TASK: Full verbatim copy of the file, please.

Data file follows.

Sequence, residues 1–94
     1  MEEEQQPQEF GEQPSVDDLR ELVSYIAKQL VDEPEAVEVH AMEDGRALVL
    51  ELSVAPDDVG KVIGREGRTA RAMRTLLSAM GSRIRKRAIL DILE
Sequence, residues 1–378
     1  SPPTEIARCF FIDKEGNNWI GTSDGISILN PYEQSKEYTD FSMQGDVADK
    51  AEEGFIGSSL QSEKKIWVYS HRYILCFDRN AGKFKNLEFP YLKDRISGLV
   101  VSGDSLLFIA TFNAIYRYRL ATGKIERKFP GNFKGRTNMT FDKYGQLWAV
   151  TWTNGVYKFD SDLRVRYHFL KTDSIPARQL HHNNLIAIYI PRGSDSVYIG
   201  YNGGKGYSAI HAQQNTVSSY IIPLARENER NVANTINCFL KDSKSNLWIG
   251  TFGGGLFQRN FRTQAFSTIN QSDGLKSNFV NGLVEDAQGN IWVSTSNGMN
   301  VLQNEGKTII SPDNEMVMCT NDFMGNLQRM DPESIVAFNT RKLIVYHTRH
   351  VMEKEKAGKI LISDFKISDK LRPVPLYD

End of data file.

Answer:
Sequence, residues 1–94
     1  MEEEQQPQEF GEQPSVDDLR ELVSYIAKQL VDEPEAVEVH AMEDGRALVL
    51  ELSVAPDDVG KVIGREGRTA RAMRTLLSAM GSRIRKRAIL DILE
Sequence, residues 1–378
     1  SPPTEIARCF FIDKEGNNWI GTSDGISILN PYEQSKEYTD FSMQGDVADK
    51  AEEGFIGSSL QSEKKIWVYS HRYILCFDRN AGKFKNLEFP YLKDRISGLV
   101  VSGDSLLFIA TFNAIYRYRL ATGKIERKFP GNFKGRTNMT FDKYGQLWAV
   151  TWTNGVYKFD SDLRVRYHFL KTDSIPARQL HHNNLIAIYI PRGSDSVYIG
   201  YNGGKGYSAI HAQQNTVSSY IIPLARENER NVANTINCFL KDSKSNLWIG
   251  TFGGGLFQRN FRTQAFSTIN QSDGLKSNFV NGLVEDAQGN IWVSTSNGMN
   301  VLQNEGKTII SPDNEMVMCT NDFMGNLQRM DPESIVAFNT RKLIVYHTRH
   351  VMEKEKAGKI LISDFKISDK LRPVPLYD